Regardless of whether most people will ever get to try these cult wines, it is critical to understand what they are and how they were made. Yes, they are woefully expensive, but that is because they are dreadfully inefficient. The vineyard and winery techniques they are employing would quickly kill a large producer. Fortunately for them, and all of us, wine collectors and trophy seekers are willing to fund their R&D. Over time, you and I will benefit as their improvements permeate the rest of the industry.
Will Miner
Denver, CO —  October 29, 2006 2:09pm ET
John, wrong analogy. Wine is not an R&D-oriented commodity -- unless people are developing new hybrids or genetically engineering their grapes and not telling us -- but a craft-oriented business. And I challenge you to show that the making of Screaming Eagle involves cost that are proportional to the excessiveness of its price. Yes, the grapes are from expensive real estate, but that's about it.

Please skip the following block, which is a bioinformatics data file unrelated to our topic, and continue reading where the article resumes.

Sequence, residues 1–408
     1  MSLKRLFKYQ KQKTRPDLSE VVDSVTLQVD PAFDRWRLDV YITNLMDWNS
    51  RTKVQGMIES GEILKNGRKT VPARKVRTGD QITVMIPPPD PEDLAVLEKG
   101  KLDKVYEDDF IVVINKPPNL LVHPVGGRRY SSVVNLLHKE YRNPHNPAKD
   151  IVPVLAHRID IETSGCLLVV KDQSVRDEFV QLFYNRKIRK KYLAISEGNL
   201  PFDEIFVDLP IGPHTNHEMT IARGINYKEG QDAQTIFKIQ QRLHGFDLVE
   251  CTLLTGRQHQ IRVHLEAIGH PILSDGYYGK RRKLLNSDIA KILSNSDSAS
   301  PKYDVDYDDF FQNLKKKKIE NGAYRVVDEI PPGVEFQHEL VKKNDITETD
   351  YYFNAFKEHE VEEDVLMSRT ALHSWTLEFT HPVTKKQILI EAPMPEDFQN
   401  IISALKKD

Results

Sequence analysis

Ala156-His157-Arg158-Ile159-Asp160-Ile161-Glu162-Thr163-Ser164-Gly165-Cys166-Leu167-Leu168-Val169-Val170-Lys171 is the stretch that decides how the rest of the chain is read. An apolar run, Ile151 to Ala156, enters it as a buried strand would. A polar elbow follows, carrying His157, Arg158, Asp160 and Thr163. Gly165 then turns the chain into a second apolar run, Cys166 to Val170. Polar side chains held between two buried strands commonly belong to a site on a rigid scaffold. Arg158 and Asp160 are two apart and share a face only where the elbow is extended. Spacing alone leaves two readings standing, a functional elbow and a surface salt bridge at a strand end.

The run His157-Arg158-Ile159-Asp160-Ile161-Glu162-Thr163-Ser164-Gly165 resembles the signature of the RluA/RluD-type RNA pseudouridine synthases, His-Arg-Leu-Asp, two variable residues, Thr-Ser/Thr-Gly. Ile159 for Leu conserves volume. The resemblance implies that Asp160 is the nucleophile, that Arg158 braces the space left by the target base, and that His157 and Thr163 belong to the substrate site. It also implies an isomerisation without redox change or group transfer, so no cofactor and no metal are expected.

In fact, SE is expensive because it can be. There are enough collectors for whom $500 a bottle is no object who can snap it up. Even though in my own business I like to set prices based on my perception of value, it would be hard to thumb my nose at a bonanza like that. WS and the other ratings publications facilitate this premium with their ratings -- almost any winery whose wines consistently score in the 90s seems to push its price upward each year as far as it can. But to equate the inflated price to some inherent value in the wine itself or in the cost of the winemaking is to not understanding what drives prices at the upper end of the wine market. I'll bet that the price of the 2003 SE doesnt drop, even though it's an 88-point wine, because the rating of a given vintage isn't even what's driving its price.
Anthony Clapcich
October 29, 2006 9:50pm ET
I love some of the commentary! In the end, doesn't it make you laugh to know there are boobs out there that are willing to pay $500 for the emperor's new clothes? What could possibly be the reason for a sane person to drop that kind of cash for a mediocre wine that Laube describes as "austere"? Let's be honest, this kind of activity is purely for trophy or investment purposes, not for enjoying a beverage meant to be consumed with food since ancient times. This little experiment does also point out that most of the experts at WS did NOT get fooled by the false billing, which gives their wine soap box added credibility...keep up the good work!